It happens every year-spring forward and fall back, the time change comes to disrupt our lives. We gain back the hour we lost in the spring when we change the clocks back in November, or so the “experts” tell us.
The history of daylight saving time (DST) dates back to American inventor and politician Benjamin Franklin who proposed a form of daylight time in 1784, according to several websites including LiveScience-Planet Earth. He wrote an essay to the The Journal of Paris titled “An Economical Project for Diminishing the Cost of Light” that suggested, perhaps jokingly, that Parisians could economize candle usage by getting people out of bed earlier in the morning, thus making use of natural light.
David Prerau, author of Seize the Daylight: The Curious and Contentious Story of Daylight Saving Time, points out that Franklin was ambassador to Paris at the time and wrote that by moving the clocks forward, people could take advantage of the extra evening daylight.
Additional resources dispute Franklin’s claim to the infamous time warp, mostly because 18th century Europe did not keep precise schedules. This did change as rail transportation came into being and required standardization of time.
Others from around the world tried to introduce the same concept including New Zealander George Hudson in 1895 and the countries of Germany and Austria-Hungary in 1916. Since then many other countries, including the US, have attempted to use daylight saving time, especially during the energy crisis of the 1970s.
Even earlier in 1918, the US implemented DST during WWI when Europe established DST to conserve fuel. President Woodrow Wilson wanted to keep DST after the war ended, by the country being mostly rural at the time protested and so DST was abolished until the next war brought it back.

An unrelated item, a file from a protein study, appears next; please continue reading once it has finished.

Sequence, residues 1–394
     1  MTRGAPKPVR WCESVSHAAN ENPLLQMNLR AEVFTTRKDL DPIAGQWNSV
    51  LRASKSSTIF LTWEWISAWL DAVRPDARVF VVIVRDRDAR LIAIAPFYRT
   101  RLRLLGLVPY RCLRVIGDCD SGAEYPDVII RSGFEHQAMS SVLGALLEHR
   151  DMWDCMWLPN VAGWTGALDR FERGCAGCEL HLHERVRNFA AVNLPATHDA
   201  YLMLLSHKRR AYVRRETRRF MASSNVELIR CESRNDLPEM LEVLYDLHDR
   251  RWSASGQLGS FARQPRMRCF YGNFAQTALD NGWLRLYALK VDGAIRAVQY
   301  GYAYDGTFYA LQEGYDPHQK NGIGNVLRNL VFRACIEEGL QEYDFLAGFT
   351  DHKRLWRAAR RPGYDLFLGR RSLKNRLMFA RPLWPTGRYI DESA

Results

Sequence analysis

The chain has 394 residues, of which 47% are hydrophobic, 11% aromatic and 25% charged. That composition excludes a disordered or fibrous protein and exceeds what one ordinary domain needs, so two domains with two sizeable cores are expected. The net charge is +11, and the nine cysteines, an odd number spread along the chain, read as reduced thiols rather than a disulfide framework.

At the start of WWII, President Franklin Roosevelt re-established DST year-round in 1942. It was called “War Time.”
Following the war, chaos flared as US states and towns were given a choice of whether or not to observe DST. In 1966 Congress enacted the Uniform Time Act. This federal law meant that any state observing DST had to follow a uniform protocol throughout the state in which DST would begin on the first Sunday of April and end the last Sunday of October.
In 2007, the Energy Policy Act of 2005 went into effect and expanded the length of DST to present timing.
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Proponents for DST argue that it saves energy, but the evidence for energy savings is slim. Stanton Hadley, a senior researcher at Oak Ridge National Laboratory, has helped to prepare a report to Congress on extended daylight saving time in 2007. Hadley and his associates found that only about half of a percent of the energy is saved. Other studies have found even less in savings.
Opponents say that actual energy savings are inconclusive. They add that DST increases health risks, disrupts morning activities, and the act of changing clocks twice a year is economically and socially disruptive. Farmers have consistently opposed DST. It does turn out that people have more heart attacks on the Monday following the spring forward switch to DST, according to an article at the LiveScience website - livescience.com.
There have been many reasons for DST throughout history, but some of the most recent ones in the last 50 or 60 years make for an interesting read. According to Prerau’s book Seize the Daylight: The Curious and Contentious Story of Daylight Saving Time, for two weeks in May 1965 St. Paul, Minn. And Minneapolis, Minn. were on different times. In the mid-80s, both Idaho senators voted for DST based on the premise that during that time fast-food restaurants sold more French fries (which were made by with Idaho potatoes).
Before the Uniform Time Act, there was period during which any place had the choice to observe DST. For instance, if one took a 35-mile bus ride from Moundsville, WA, to Steubenville, Ohio, the passenger would travel through no less than seven time changes.
A study published in 2009 in the Journal of Applied Psychology showed that in the spring in the week that followed the spring forward, mine workers got 40 minutes less sleep and had 5.7 percent more workplace injuries.
Humans are not the ones affected during the time changes. Pets notice the change in routine and become confused with meal changes, according to the LiveScience article.
Why do we change the clocks at 2 a.m.? It may have to do with practicality. It’s late enough that most people are home and setting the clock back or forward won’t switch the date to yesterday or today, again. Also, it’s early enough not to affect early shift workers and early churchgoers.
Whichever way you look at it, it’s now part of life. Fall back Nov. 5 at 2 a.m. and get that extra hour of sleep; you’ll need it next Spring.